Chromosomal instability may predict resistance to cancer drug

Cancer Research UK

Chromosomal instability may be linked to the resistance that some cancers have to certain anticancer therapies, according to research published in Cancer Cell* today (Monday). Identifying tumours without chromosomal instability might, therefore, help to target these therapies selectively to patients more likely to benefit.

Cancer Research UK scientists were looking for genes that influenced the response to paclitaxel (Taxol), a first-line treatment for breast cancer. They screened hundreds of key genes using RNA interference - a technique that uses small pieces of RNA**, each designed to block expression of a particular gene. By 'switching off' each gene in turn they were able to see what effect it had on drug resistance in various types of cancer cells.

The results suggest most of the genes that affected sensitivity to paclitaxel are among those known to play a role in maintaining the correct number of chromosomes in daughter cells after mitosis (cell division).

Doctors at Cancer Research UK and The Royal Marsden NHS Foundation Trust are now setting up a clinical trial to see whether they can use these findings to predict which patients will respond to paclitaxel or similar drugs.

If it works, a simple test could, in the future, help ensure patients receive the most effective available treatment for their cancer.

Paclitaxel belongs to a group of drugs called taxanes. They have been used in cancer chemotherapy for many years. They work by stopping cancer cells from completing the cell cycle, the process that leads to mitosis. This prevents cancer cells dividing and multiplying.

Normal human cells each have 23 pairs of chromosomes, which hold all of our genes. A key part of mitosis is making sure each of the two resulting daughter cells has the right number of correct chromosomes. A complex set of proteins controls this process - the so-called 'spindle assembly checkpoint'. If these proteins don't work properly, cells can end up with too many or too few chromosomes, a condition known as chromosomal instability, or CIN*** for short.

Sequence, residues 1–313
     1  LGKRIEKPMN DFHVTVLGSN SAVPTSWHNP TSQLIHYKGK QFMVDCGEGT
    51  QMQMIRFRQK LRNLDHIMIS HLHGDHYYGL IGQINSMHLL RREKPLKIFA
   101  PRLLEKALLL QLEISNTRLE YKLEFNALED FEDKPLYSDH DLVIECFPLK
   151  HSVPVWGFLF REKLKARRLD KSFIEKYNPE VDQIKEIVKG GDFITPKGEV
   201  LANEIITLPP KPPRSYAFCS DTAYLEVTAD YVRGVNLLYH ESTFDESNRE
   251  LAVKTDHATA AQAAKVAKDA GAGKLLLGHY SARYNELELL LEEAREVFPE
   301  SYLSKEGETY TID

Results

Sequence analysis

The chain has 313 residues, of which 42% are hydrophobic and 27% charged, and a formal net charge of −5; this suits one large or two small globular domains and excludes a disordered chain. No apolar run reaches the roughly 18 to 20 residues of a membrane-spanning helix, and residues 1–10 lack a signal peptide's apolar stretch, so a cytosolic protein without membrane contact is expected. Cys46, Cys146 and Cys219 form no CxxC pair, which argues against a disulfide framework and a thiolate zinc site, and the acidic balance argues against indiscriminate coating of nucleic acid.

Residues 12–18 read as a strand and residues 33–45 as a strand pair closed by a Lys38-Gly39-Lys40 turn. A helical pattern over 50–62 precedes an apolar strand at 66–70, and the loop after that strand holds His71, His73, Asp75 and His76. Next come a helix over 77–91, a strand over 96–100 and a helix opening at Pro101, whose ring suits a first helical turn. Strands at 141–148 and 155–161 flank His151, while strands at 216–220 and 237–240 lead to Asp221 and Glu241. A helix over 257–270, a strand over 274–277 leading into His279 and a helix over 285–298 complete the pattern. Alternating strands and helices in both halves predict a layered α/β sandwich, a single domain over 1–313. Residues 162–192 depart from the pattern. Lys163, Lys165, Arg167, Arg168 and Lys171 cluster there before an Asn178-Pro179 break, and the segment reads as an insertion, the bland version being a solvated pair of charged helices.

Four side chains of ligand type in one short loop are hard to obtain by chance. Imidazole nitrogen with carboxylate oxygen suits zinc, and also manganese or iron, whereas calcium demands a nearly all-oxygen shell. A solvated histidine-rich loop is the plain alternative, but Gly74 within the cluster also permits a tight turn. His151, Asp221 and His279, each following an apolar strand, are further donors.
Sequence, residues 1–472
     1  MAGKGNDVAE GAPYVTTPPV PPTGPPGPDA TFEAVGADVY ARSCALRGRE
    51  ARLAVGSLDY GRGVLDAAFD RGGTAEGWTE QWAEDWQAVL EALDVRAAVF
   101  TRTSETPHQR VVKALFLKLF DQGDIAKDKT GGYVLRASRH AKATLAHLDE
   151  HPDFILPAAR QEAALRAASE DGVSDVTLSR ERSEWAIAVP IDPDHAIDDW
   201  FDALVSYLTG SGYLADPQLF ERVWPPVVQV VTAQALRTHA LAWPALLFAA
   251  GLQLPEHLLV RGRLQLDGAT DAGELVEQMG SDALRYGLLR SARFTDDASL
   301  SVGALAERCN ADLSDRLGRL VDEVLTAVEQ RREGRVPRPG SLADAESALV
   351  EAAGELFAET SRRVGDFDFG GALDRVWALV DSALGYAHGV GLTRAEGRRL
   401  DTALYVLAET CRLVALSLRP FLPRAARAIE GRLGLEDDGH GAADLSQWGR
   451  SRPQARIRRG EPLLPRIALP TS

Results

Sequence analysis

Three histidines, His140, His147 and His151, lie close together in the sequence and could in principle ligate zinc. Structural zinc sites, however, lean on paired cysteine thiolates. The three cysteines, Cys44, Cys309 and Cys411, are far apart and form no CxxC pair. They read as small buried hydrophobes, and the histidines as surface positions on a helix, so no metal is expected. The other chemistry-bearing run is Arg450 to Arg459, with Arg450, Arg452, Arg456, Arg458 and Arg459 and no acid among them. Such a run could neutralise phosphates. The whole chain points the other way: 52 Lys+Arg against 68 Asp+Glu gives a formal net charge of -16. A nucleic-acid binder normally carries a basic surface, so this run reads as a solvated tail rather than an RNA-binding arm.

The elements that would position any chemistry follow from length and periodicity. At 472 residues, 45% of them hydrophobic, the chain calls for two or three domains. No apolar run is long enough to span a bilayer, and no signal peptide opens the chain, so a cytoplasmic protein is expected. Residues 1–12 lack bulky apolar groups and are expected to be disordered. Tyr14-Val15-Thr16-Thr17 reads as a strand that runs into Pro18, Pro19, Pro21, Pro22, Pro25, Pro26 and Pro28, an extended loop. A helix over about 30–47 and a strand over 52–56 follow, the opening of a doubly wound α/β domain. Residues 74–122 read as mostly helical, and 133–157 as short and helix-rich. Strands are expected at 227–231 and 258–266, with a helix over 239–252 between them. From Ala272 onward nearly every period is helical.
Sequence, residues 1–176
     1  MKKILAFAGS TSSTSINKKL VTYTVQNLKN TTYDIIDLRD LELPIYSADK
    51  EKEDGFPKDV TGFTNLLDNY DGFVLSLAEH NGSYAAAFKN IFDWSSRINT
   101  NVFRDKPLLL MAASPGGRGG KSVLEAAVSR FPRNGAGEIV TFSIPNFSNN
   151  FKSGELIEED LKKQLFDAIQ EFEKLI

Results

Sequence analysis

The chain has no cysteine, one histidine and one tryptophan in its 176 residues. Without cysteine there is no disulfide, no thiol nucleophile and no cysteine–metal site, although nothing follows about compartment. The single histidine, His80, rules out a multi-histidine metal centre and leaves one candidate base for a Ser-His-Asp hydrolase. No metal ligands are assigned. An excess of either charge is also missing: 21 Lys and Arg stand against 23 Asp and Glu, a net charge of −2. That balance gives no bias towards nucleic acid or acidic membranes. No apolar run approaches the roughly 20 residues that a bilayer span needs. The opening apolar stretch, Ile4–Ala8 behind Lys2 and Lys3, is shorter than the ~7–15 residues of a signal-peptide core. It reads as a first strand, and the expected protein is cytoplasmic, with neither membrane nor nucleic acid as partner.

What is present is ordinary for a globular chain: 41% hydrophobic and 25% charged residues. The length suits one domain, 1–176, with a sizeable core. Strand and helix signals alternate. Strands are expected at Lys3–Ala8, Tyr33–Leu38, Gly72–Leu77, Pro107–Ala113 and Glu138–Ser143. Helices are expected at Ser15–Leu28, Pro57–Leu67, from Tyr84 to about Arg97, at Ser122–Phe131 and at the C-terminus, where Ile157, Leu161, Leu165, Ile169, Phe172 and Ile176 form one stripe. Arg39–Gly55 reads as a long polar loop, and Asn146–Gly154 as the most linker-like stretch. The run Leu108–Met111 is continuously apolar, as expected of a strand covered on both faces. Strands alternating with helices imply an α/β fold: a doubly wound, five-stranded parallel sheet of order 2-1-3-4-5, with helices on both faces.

Many of the 25 genes which the screen found to be involved in paclitaxel resistance are associated with the spindle assembly checkpoint.

Dr Julian Downward, head of the Signal Transduction laboratory at Cancer Research UK's London Research Institute, said: "Our findings are consistent with existing data that taxanes tend not to work so well in types of cancer where CIN is common. Colorectal cancer is a good example of this. Most colorectal cancers are resistant to taxanes, and we also know that a similar proportion of them exhibit CIN. While it hasn't yet been proved that colorectal cancers with CIN are the same ones that don’t respond to taxanes, the proportional figures are suggestive.

"The results of our genomic screen support the theory that CIN is linked to resistance to taxanes. We're now setting up a clinical trial, with the Royal Marsden Hospital gastrointestinal cancer unit, called CINATRA to test whether a taxane-like drug is indeed effective against those colorectal tumours that do not have CIN. Our hope is that a simple test for the presence of CIN will then be able to help target these drugs specifically to the patients who will benefit from them."